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Latin culture inspires exhibit

 

An exhibition titled “Collector’s Choice,” is now on display at the Latino Art Museum on Second Street in Pomona. Armando Durón, a Los Angeles area art collector, selected many works, including paintings by Luis Soto, left, and Yolanda Gonzalez, right. For the exhibition, Durón challenged the artists with loosely based rules and themes to bring out works from within their professional communities. Many of the artists may have been precluded due to struggles with cultural, economic or time issues. / photo by Nicholas Mitzenmacher

An exhibition titled “Collector’s Choice,” is now on display at the Latino Art Museum on Second Street in Pomona. Armando Durón, a Los Angeles area art collector, selected many works, including paintings by Luis Soto, left, and Yolanda Gonzalez, right. For the exhibition, Durón challenged the artists with loosely based rules and themes to bring out works from within their professional communities. Many of the artists may have been precluded due to struggles with cultural, economic or time issues. / photo by Nicholas Mitzenmacher

Kristen Campbell
News Editor

From personal collections to aspiring artists, the Latin Art Museum held an art walk and opening reception Saturday evening in the Pomona Arts Colony.

The exhibit was a display of art curator, Armando Durón’s personal collections, entitled “Collector’s Choice.”

Collectors of art are often asked to curate an art exhibit due to its basic nature, according to lamoa.net, the museum’s Web site.

However, Durón is held in high esteem in the Chicano art world due to his valued opinion and his knowledge of the culture.

His high standing in the art community was the key element that allowed for his exploration in the rules surrounding selecting art the his exhibit.

In “Collector’s Choice,” Durón had neither theme in mind nor the formal requirements that were desired from the artists chosen.

His collections “challenged artists to…reach into deeper levels of their aesthetic consciousness,” Durón said.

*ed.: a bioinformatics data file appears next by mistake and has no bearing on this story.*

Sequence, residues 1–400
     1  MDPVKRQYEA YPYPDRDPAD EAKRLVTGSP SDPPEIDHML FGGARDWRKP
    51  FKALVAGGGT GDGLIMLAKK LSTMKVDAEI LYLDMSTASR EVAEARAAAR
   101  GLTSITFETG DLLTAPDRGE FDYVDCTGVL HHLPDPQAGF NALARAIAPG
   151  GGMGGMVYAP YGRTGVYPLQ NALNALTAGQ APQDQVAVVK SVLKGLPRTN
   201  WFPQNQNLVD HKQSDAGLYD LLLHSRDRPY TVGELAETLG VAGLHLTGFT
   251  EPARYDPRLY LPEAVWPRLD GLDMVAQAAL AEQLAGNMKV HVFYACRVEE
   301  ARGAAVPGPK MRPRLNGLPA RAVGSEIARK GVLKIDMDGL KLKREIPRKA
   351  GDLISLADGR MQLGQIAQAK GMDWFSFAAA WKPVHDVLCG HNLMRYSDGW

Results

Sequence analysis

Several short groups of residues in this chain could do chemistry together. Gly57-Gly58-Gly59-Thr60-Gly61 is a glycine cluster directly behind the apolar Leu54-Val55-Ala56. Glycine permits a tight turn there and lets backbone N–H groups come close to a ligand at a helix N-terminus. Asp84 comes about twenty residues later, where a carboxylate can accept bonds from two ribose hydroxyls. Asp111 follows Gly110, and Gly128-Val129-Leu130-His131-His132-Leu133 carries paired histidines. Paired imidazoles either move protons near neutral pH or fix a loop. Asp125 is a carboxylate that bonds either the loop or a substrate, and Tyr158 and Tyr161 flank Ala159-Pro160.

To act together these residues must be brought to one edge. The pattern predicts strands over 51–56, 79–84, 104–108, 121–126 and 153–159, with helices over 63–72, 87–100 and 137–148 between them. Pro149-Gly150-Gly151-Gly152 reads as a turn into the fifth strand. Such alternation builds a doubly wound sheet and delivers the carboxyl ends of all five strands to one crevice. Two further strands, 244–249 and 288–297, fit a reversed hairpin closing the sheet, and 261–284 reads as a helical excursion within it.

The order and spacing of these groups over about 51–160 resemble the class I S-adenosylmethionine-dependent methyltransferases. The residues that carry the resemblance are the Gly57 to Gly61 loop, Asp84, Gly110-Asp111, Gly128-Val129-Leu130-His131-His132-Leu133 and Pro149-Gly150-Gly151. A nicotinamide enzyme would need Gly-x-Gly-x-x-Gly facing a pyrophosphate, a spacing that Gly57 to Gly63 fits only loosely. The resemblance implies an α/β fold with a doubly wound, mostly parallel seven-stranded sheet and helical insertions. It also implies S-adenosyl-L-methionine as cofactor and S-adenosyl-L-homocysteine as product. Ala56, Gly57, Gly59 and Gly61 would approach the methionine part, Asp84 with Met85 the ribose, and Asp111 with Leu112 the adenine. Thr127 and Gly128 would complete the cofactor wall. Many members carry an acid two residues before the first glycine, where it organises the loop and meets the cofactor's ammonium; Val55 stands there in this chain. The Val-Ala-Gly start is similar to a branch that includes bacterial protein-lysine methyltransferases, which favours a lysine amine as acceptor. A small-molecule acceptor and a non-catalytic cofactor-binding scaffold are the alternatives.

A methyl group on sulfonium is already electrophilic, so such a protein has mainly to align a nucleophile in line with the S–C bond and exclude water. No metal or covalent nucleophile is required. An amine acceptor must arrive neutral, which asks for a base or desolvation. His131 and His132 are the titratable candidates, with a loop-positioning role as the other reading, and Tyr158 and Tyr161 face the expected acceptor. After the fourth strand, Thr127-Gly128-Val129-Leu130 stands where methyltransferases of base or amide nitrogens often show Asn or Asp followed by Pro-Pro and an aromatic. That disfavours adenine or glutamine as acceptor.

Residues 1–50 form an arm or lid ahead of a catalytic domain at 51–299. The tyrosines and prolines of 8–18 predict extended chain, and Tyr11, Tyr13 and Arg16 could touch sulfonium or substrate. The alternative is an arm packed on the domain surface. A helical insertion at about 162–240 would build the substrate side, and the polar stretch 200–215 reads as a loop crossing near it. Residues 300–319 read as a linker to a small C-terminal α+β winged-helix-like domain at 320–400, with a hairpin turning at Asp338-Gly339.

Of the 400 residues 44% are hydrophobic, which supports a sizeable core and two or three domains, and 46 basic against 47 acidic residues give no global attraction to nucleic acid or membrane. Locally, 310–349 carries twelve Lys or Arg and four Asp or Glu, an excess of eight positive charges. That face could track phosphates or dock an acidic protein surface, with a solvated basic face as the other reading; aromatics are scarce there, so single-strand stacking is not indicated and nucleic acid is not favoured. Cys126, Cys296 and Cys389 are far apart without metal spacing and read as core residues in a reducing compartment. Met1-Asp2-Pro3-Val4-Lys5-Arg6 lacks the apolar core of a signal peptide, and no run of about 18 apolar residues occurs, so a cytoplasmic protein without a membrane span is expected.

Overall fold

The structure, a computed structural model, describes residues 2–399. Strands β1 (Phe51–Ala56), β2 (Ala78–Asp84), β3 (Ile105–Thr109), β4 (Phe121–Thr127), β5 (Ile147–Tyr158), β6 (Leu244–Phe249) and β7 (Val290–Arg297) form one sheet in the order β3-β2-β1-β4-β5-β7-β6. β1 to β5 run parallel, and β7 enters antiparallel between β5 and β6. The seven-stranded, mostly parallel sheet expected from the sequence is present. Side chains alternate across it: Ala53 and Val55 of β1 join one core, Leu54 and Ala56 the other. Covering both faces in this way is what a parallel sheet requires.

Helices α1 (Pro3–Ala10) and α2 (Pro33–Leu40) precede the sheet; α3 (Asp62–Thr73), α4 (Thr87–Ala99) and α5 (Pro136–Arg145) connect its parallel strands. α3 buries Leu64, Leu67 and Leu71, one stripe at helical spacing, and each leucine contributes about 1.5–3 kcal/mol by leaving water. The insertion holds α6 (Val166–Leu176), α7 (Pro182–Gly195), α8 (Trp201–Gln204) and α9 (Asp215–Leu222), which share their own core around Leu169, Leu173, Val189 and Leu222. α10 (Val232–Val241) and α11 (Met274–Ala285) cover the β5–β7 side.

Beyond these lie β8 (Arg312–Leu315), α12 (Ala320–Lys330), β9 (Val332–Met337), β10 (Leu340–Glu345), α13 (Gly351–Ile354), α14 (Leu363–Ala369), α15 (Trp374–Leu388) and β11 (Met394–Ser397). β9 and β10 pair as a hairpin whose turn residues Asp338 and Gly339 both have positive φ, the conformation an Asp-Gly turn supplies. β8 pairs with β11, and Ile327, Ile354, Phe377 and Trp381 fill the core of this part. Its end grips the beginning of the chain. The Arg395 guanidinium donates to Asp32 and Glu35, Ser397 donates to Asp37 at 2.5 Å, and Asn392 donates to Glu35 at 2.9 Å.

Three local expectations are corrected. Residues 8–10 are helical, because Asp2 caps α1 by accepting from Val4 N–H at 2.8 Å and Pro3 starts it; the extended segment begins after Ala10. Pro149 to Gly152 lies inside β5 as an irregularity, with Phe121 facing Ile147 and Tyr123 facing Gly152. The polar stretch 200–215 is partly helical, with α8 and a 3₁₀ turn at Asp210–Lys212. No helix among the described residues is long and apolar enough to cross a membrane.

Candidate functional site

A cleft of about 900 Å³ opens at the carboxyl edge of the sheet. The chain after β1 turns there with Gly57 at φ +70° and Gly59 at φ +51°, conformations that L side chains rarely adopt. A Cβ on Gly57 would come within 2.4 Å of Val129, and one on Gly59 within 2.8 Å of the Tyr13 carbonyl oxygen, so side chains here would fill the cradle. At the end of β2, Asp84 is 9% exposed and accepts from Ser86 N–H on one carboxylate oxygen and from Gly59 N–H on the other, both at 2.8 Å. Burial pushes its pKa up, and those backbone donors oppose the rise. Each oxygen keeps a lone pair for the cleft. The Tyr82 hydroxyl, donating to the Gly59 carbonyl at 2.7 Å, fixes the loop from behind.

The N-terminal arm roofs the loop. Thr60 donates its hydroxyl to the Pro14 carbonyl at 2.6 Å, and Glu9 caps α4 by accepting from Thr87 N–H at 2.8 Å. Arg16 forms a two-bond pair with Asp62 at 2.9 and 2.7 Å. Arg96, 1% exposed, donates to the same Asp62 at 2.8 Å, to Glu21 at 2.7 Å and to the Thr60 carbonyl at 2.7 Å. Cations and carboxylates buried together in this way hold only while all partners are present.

He wanted the artists to find the parts of their minds and emotions they had not used lately due to outward pressures.

The president and founder of the LAM, Graciela Nardi asked Durón to display his collection for the month.

“This exhibition was previously in Los Angeles for the beginning of January, and we were privileged to receive it here,” Nardi said.

The exhibit started off slow with a few guests trickling in, but then many interested visitors flowed in to view Durón’s choices.

For all guests, there were hors d’oeuvres and water, with readily available volunteers to answer any guest’s questions.

“I came to the exhibit to see what makes an artist and the different styles used by different people,” Maria Gonzalez, a guest at the reception, said.

“Art shows the feelings of the artist at that time in their life,” she added.

Gonzalez said the piece that caught her eye immediately was the realism artwork in the entrance to the exhibit entitled, “Mi Corazon,” by Juan Solis.

The art depicts a Latin man with his heart exposed and arms extended, all within the shaping of a cross.
“To me, the piece depicted a man’s feelings of faith and acceptance,” Gonzalez said.

She said most of the pieces she preferred seemed to express feelings of pain and anxiety.

David Pion-Berlin, secretary of the LAM board, was in attendance to the evening’s festivities.

“The exhibit shows typical Chicano art, but without a specific style that can categorize them all,” Pion-Berlin said.

Pion-Berlin has studied under artists who specialize in realism, which is why he prefers such art, he said.
Pion-Berlin said he was drawn more to the realism pieces.

“I appreciate the reality, especially in the depiction of a face,” Pion-Berlin said.

“Faces are very difficult – I’ve tried. It is exciting to see it created well,” Pion-Berlin said about Yolanda Gonzales’ piece, “Jennifer.”

The art walk exhibit consisted of pieces chosen by Durón himself created by such Chicano artists as Ramon Ramirez, Patssi Valdez and Victor Durazo.

Ranging from realism to abstract to just pure expression, each artist’s work articulated their feelings through the color palettes and techniques used to create the pieces.

The exhibit was on display for a month from Jan. 13 to Feb. 17 at the Latin Art Museum in Pomona.

For more information about upcoming events at LAM, visit lamoa.net.

Kristen Campbell can be reached at kristen.campbell@laverne.edu.

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